Editorial: Don't sweep away Great Lakes
Published October 17, 2005
Our position: Postponement of a Great Lakes cleanup shouldn't
derail the ambitious proposal.
The effects of Katrina are still being felt in the Great
Lakes region, far from where the hurricane made landfall.
A $20 billion proposal to clean up the Great Lakes over
the next 15 years appears to be Katrina's latest victim,
a casualty of $200 billion in federal aid targeted for
hurricane relief. Katrina isn't mentioned in a leaked
report that now calls for keeping Great Lakes expenditures
"within current budget projections." But the
financial problems the storm created can be the only explanation
for the abrupt turnabout in White House policy.
When President Bush appointed an EPA-led task force that
led to development of the $20 billion cleanup plan, he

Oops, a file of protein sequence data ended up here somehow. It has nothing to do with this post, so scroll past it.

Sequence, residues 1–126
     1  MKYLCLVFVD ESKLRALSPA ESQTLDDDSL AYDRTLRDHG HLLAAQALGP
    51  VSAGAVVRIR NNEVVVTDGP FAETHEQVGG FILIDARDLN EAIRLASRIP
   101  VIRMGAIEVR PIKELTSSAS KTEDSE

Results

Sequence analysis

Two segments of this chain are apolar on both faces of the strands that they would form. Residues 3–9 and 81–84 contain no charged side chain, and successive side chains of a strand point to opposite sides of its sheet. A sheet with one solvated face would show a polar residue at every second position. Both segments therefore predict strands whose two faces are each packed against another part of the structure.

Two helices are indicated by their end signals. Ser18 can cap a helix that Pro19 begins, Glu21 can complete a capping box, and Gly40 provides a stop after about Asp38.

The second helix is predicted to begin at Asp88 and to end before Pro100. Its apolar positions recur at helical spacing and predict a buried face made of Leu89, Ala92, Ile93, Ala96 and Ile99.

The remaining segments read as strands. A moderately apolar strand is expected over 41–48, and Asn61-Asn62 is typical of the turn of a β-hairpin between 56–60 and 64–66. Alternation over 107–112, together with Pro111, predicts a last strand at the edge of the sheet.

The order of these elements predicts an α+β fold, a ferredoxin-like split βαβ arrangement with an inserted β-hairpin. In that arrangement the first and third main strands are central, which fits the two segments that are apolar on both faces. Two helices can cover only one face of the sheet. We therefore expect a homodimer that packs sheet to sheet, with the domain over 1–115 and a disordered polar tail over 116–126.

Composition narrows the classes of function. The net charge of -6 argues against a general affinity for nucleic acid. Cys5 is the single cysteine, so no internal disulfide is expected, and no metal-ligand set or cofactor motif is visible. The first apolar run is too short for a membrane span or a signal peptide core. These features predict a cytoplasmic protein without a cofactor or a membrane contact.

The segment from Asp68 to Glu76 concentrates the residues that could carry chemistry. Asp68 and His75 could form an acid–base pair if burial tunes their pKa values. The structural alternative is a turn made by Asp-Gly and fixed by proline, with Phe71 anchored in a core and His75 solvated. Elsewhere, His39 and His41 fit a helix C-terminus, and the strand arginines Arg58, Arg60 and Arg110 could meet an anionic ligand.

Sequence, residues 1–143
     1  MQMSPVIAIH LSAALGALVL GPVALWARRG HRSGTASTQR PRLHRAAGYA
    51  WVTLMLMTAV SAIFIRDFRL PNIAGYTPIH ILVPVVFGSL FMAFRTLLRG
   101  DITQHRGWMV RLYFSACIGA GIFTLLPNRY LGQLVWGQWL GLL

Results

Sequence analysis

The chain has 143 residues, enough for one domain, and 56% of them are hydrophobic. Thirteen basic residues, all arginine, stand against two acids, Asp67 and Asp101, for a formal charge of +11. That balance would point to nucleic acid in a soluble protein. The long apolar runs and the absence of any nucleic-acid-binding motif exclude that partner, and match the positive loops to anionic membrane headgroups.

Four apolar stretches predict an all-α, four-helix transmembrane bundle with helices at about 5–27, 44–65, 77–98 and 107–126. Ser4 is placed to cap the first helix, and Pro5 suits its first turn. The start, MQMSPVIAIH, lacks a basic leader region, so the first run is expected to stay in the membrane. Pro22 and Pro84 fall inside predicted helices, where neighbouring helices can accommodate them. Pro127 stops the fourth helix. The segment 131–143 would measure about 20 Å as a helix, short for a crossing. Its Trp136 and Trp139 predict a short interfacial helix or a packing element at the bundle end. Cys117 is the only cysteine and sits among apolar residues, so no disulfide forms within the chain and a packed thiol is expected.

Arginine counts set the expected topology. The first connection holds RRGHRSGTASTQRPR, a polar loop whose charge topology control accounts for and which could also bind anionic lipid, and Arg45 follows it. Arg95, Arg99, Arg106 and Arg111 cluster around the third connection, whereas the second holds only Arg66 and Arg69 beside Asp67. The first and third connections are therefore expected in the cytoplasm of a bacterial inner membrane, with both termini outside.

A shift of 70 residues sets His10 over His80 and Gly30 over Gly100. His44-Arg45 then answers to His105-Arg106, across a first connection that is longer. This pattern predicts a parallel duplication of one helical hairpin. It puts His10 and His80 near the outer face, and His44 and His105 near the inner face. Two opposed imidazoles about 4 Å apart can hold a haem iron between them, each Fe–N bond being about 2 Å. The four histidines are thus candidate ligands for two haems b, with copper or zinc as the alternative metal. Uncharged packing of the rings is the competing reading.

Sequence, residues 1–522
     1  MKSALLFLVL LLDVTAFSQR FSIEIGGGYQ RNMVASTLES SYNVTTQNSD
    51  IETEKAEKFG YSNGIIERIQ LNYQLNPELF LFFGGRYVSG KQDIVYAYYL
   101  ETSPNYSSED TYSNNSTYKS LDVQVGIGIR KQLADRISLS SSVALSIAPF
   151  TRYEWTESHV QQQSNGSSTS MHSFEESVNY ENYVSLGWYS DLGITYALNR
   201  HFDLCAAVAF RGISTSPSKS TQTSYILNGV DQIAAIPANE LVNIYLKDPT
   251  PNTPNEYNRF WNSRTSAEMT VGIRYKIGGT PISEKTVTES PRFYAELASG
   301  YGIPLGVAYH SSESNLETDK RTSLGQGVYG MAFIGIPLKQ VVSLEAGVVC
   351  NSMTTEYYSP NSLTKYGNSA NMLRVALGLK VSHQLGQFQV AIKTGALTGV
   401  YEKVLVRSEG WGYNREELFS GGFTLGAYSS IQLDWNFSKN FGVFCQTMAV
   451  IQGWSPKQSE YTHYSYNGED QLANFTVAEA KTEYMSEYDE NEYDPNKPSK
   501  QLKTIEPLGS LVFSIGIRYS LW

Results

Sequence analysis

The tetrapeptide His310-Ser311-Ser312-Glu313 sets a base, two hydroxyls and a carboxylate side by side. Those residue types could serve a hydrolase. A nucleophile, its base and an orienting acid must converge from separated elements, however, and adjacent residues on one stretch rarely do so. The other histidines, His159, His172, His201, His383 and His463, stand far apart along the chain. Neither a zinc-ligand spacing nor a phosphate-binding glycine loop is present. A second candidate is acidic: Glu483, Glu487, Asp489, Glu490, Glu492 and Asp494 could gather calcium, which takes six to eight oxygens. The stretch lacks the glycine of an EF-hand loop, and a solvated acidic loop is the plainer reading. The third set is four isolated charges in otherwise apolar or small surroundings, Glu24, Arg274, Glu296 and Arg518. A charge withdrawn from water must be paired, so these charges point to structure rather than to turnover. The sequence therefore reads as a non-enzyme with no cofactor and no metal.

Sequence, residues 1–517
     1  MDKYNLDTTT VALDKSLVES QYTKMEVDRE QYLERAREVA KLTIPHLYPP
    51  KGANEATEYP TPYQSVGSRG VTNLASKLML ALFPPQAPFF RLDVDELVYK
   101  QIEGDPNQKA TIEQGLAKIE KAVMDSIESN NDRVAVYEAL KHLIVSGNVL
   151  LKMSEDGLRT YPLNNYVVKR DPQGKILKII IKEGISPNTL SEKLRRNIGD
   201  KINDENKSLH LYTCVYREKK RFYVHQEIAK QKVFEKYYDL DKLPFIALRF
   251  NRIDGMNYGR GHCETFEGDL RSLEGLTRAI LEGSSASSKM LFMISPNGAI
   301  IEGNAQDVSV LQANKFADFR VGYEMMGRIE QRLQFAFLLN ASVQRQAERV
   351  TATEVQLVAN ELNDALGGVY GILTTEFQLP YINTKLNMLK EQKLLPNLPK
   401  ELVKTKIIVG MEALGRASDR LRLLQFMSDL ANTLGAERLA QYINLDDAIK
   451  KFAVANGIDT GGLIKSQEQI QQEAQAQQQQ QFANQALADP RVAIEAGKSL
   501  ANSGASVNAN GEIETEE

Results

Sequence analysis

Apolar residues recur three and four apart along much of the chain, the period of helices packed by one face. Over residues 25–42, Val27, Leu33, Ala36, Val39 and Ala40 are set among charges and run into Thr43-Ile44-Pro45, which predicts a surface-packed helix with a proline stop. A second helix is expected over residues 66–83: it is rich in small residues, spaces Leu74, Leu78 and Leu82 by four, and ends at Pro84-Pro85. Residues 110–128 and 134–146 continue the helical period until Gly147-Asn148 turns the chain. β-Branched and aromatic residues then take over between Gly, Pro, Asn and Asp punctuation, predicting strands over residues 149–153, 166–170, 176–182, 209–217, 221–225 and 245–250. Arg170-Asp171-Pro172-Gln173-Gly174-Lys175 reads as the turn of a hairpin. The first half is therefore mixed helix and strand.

talked about "ensuring that the greatness of the
lakes endures for generations." Bush signed onto
a bold environmental proposal that rivaled restoration
of the Everglades.
A devastating hurricane season and its budget considerations
make postponement of the effort understandable. But delay
shouldn't turn into derailment.
Indiana has a lot at stake in the proposed undertaking.
It would help pay for a $400 million cleanup of the Indiana
Harbor and Ship Canal, provide federal funding for fixing
antiquated sewer systems in many Indiana communities,
restore wetlands and protect Hoosier beaches that are
invaluable tourist attractions.
As with other Great Lakes states hit by the loss of manufacturing
and auto industry jobs, Indiana is in no position to do
much about the Great Lakes without federal help.
Keeping the federal deficit under control is important.
But so is preserving the nation's largest source of fresh